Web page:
What is Reflux?
What is Reflux? Most adults are aware that chest pain can be serious. There are lots of different causes of chest pain and some of these include:
- Trauma related to a direct blow to the chest
- A possible collapsed lung, called a pneumothorax
- The development of blood clots in the lungs, called pulmonary emboli
- Musculoskeletal chest pain, which can occur due to chest soreness following a coughing spell
- A heart attack, called a myocardial infarction, which stems from blood clots in the lungs
- Gastroesophageal Reflux Disease (GERD), often shortened to reflux
When a child complains of chest pain, many of these issues are overlooked. While the television commercials often fill the airways with images of elderly individuals suffering from heartburn, children can suffer from reflux as well. Why does this happen? What are the symptoms? What are the treatment options?
The Pathophysiology of Gastroesophageal Reflux Disease
Gastroesophageal Reflux Disease (GERD) is a relatively common problem in people of all ages. The stomach is home to an acidic solution full of digestive enzymes. These enzymes are responsible for helping to break down the food that people consume. Stomach acid is produced through multiple pathways and, sometimes, can leave the stomach and splash the lower esophagus. There is a sphincter that separates the esophagus from the stomach. This sphincter is supposed to prevent this reflux from happening. In some people, particularly babies, the sphincter is too loose. This allows stomach acid to splash the lower esophagus, causing the heartburn that so many people are familiar with. How does GERD present in babies and children?
An Overview of the Symptoms
There are lots of different symptoms that might indicate that someone is suffering from reflux. These symptoms change depending on the age of the individual. In babies, some of the symptoms include:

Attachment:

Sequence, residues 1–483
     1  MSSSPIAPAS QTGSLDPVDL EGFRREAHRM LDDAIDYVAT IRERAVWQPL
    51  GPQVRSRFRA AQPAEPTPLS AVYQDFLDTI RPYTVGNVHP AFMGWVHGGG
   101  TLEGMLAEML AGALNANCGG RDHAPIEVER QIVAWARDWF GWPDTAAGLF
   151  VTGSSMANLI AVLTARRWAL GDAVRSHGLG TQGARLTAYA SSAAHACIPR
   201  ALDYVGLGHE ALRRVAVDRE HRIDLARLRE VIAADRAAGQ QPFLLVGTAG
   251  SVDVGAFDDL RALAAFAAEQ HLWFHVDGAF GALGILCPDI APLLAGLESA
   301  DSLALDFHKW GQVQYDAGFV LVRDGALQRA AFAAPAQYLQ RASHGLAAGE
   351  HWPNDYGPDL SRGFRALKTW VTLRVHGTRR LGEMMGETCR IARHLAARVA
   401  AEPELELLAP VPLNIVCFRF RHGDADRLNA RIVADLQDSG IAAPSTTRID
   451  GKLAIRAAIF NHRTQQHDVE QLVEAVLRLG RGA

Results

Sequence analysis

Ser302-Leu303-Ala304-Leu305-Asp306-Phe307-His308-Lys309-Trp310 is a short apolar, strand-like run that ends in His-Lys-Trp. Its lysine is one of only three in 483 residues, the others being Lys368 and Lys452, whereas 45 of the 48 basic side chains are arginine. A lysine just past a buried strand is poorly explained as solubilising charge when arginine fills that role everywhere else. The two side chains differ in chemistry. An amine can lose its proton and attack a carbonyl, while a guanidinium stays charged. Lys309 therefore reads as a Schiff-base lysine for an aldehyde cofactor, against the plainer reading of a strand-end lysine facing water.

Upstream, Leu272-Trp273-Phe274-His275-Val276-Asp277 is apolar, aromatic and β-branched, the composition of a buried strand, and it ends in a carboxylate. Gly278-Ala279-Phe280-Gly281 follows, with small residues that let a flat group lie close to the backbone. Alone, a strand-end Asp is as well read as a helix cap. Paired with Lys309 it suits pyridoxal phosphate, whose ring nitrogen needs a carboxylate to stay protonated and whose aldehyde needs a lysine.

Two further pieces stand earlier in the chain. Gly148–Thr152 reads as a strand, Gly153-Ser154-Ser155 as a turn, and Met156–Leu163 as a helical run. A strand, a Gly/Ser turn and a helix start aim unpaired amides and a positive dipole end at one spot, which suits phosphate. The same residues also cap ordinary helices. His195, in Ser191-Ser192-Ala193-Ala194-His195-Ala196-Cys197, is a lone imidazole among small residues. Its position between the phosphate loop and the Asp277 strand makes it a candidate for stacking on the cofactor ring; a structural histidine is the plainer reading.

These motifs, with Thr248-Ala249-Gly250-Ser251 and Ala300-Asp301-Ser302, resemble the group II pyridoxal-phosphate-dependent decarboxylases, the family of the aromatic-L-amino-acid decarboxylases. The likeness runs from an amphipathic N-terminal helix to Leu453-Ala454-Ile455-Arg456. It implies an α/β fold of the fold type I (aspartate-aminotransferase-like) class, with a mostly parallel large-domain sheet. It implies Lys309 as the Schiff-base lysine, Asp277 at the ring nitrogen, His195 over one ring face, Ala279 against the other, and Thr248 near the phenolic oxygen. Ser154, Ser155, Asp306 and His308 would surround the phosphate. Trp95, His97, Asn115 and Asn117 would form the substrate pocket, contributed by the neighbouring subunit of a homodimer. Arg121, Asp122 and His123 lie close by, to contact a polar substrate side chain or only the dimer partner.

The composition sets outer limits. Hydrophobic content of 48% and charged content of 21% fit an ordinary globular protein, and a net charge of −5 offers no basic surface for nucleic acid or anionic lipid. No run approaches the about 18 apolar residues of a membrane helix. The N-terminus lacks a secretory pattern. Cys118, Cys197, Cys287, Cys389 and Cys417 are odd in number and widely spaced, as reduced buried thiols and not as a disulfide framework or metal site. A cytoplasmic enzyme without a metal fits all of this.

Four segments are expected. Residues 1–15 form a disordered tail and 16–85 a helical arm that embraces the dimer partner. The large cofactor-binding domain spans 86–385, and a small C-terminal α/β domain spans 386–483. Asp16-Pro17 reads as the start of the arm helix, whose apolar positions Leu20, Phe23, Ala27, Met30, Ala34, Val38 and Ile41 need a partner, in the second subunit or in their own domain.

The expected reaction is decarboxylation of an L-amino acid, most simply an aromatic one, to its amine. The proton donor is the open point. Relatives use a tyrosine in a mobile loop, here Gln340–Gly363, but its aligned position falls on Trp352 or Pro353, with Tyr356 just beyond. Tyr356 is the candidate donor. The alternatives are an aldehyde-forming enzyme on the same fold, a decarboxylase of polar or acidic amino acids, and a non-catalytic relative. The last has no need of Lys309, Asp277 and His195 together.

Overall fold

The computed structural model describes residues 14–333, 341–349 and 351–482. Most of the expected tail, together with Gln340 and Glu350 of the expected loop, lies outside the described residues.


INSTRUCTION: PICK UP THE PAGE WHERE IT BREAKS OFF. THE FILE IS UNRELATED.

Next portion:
- Constant spits after age-appropriate feeds
- Continual burping and issues with gas
- Failure to gain weight between doctors’ visits
In older children, the symptoms might include:
- Complaints of chest pain in the middle of the sternum
- Pain that gets worse immediately after eating
- Excess burping following meals
First, these symptoms could vary from individual to individual. Like other diseases, the symptoms may also vary in severity from person to person. If reflux goes untreated, there could be serious complications. In babies, this could mean a failure to gain weight. Furthermore, malnourished babies could start to miss developmental milestones. Finally, in older children, teenagers, and adults, untreated reflux could lead to esophageal cancer. The continual splashing of stomach acid on the cells of the lower esophagus could lead to something called Barrett’s Esophagus, a precursor of cancer.
Treatment Options for Children with Reflux
For those who suffer from reflux, there are several different treatment options. These include:
Positioning: Particularly in babies, but also in other children, positioning matters. First, make sure that the baby is upright while eating. Next, try to take small breaks and burp every half-ounce to an ounce. Finally, keep the baby upright for about a half hour after eating. This will help the food settle in the stomach and prevent reflux. In older children, this translates to smaller, more frequent meals.
Food Choices: While most infant formulas are the same, older children could benefit from dietary changes. Try to avoid peppermint, tomatoes, citrus, chocolate, and other acidic foods. This could help relieve the chest pain caused by reflux.
Medications: There are medications that are available. These include antacids (such as Tums), H2 blockers (such as Zantac), and proton pump inhibitors (such as Prilosec). Be sure to discuss these medications with a trained physician because they do have their side effects.
Finally, for those with intractable reflux, there are also surgical options. The procedure is called a Nissen Fundoplication. In this procedure, the stomach is wrapped around the esophagus to tighten the esophageal sphincter. This makes it harder for stomach acid to leave the stomach and splash the esophagus.
Help from a Local Pediatrician
Whether it is a baby that constantly spits up or a child that won’t stop complaining of heartburn, this can frustrate parents. While reflux is known for causing heartburn, it can also lead to serious nutritional deficiencies. The risk is even more serious in babies who don’t have the caloric reserve of older children and adults.
Sometimes, the precautions discussed above are enough to keep the symptoms at bay. In other situations, medications or surgery could be required. The decisions are tough and parents should rely on the training and expertise of their local pediatrician. Because of this, do not hesitate to reach out and ask for help. Doctors are always willing to help families in need.
David Randolph, MD
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